TPM Cafe: Opinion

Who is David Brat, the out-of-nowhere college professor who beat Eric Cantor in the GOP primary?

John Judis has an interesting article in the New Republic suggesting that Brat is in the tradition of right-wing populism that is both anti-Wall Street/big business AND libertarian. Judis writes that in his campaign, "Brat and his Tea Party backers gave equal weight to denouncing Cantor as a tool of Wall Street, the big banks, the U.S. Chamber of Commerce and the Business Roundtable."

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The Rohingya are a Muslim minority in Myanmar that has primarily lived in Rakhine State bordering Bangladesh in western Myanmar for at least 200 years. The Myanmar government and others in the country refer to them as “Bengalis” or “illegal migrants,” a reference to the nineteenth century migration of laborers and merchants from India under British rule. Denied citizenship for decades, they have suffered from discrimination, forced labor, and campaigns of violence, which the Irish Centre for Human Rights and others have characterized as crimes against humanity.

Over 230,000 Rohingya refugees have subsisted in squalid camps in Bangladesh for over 30 years, with minimal access to jobs, services, or citizenship there. Sexual and physical attacks against refugee women and girls have also been documented. Other nations in the region have not welcomed Rohingya refugees, holding them in crowded detention centers or literally pushing their rickety boats back to sea. The Rohingya thus represent one of the world’s most protracted and desperate cases of statelessness.

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It couldn’t have happened to a nicer guy.

American politics took a Game of Thrones-worthy plot twist on Tuesday as House Majority Leader Eric Cantor lost his primary by a 12-point margin to Dave Brat, an underfunded right-wing challenger.

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For the first post-primary Wednesday this year, I’m not having to poke holes in the pre-ordained MSM narrative for this campaign cycle, The Year of the Republican Establishment, wherein the Great Big Adults of the GOP were supposed to put down the unruly Tea Folk and position their “pragmatic” party perfectly for smashing victories in 2014 and maybe 2016 as well. I’d say the Republican voters of the 7th congressional district of Virginia put that meme to rest for the immediate future.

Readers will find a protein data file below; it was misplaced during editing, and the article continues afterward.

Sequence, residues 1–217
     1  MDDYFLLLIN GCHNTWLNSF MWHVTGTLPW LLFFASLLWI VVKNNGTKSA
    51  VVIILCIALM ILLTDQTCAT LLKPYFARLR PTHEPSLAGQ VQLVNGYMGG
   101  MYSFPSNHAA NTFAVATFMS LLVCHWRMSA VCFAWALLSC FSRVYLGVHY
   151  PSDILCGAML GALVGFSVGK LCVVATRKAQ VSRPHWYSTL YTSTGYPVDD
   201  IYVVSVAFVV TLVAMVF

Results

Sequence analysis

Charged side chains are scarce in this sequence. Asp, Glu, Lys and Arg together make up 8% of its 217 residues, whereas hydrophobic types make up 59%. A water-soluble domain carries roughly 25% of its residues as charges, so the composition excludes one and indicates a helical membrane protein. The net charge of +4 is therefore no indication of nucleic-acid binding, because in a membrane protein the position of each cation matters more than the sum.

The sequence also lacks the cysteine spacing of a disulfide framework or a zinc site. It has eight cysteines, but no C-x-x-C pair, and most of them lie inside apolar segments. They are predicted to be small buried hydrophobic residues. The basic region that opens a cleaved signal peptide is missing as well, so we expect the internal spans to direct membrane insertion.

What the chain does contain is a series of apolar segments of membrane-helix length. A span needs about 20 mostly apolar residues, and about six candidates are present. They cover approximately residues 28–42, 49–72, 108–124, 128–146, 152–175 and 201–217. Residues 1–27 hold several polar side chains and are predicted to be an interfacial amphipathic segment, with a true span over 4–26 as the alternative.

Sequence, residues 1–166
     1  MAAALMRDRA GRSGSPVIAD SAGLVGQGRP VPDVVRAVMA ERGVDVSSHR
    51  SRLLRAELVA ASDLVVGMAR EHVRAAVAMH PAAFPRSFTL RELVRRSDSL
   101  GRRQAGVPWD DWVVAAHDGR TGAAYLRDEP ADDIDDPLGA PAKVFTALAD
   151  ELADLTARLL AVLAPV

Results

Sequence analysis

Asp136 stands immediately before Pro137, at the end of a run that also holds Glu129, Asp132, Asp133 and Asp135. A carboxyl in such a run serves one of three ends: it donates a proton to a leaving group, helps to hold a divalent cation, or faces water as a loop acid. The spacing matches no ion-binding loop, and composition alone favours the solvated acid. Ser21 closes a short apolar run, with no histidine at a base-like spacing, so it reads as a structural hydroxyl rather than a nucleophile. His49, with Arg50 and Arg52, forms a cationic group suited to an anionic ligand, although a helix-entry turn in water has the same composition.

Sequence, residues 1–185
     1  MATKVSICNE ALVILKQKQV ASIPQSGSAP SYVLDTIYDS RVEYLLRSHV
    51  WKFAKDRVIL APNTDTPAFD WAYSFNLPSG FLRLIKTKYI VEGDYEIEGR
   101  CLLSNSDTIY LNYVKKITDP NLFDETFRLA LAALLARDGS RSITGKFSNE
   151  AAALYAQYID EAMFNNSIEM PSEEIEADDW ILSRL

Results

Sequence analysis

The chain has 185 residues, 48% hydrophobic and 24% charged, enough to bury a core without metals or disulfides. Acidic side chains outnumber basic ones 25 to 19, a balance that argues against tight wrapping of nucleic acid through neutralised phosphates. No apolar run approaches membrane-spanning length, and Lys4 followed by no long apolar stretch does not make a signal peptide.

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It’s no secret that Harlem Children’s Zone founder Geoffrey Canada has earned a lot of love in the education community. On Wednesday, Canada dropped by the Capitol to discuss the past, present, and future of Promise Neighborhoods in the United States. It wasn’t exactly a One Direction concert, but to a dorky education researcher (and fellow Bowdoin College alum) like me, Canada is something of a rock star.

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Once in college, a friend and I were talking about unplanned pregnancy, and I mentioned that I knew five or six women that had had abortions. “Wow,” my friend replied, “I don’t know anyone that’s had one.”

“Or maybe you do and they just haven’t told you,” I pointed out.

I thought of our long-ago conversation the other week, after seeing Obvious Child.

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In response to the Obama administration’s announcement that it would require major reductions in carbon emissions from American power plants, supporters and opponents alike were quick to point out that without a strong international agreement to curb carbon emissions, unilateral U.S. reductions will prove inadequate in the face of what is truly a global challenge. The administration’s supporters praised the President for sending a clear signal to the world that America will lead by example. Opponents, meanwhile, feared that unilateral U.S. reductions were a sucker’s play, setting us up to be taken advantage of by China and other competitors that have no intention of following our lead.

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Pop culture loves pregnant women, pregnant celebrities, and TV shows about pregnant teens. Our news is constantly splattered with announcements of which famous person is reproducing—the latest speculation centers on Jennifer Aniston and Kourtney Kardashian—and we embrace the celebrity baby photos in magazines. And for good reason—people love babies, and having children is an important focus for many men and women.

Why then, do we fail to get our doctors’ help when planning a pregnancy?

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In late April, the White House Task Force to Protect Students from Sexual Assault released its long awaited report, "Not Alone." The Task Force is to be commended for doing an excellent job in highlighting this pervasive problem on college campuses, and for providing recommendations for identifying the problem, preventing sexual assault, and increasing transparency and improving enforcement. The task force should also be commended for taking steps to ensure that survivors receive confidential care from advocates and counselors.

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Some pretty important decisions that will affect generations to come are being made right now.

The new regulations on carbon emissions announced this week are, as Brad Plumer writes, the “most sweeping policy yet to address global warming.” States and utilities will need to cut carbon emissions from power generation in order to rein in the gases that cause climate change.

As predictably as morning follows sunrise, these rules are drawing fire in a number of ways.

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